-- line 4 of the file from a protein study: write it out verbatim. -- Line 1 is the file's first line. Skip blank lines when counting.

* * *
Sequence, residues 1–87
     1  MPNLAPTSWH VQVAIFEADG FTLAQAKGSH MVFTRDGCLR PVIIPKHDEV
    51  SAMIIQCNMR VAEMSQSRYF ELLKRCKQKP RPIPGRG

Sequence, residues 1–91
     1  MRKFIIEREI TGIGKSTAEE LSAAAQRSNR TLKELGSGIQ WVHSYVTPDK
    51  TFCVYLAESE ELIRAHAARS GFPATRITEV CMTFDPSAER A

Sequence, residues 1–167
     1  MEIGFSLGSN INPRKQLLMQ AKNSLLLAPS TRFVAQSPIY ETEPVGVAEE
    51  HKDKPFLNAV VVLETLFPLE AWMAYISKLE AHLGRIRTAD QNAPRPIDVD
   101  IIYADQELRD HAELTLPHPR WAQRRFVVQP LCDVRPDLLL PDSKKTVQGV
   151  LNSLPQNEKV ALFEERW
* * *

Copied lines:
Sequence, residues 1–91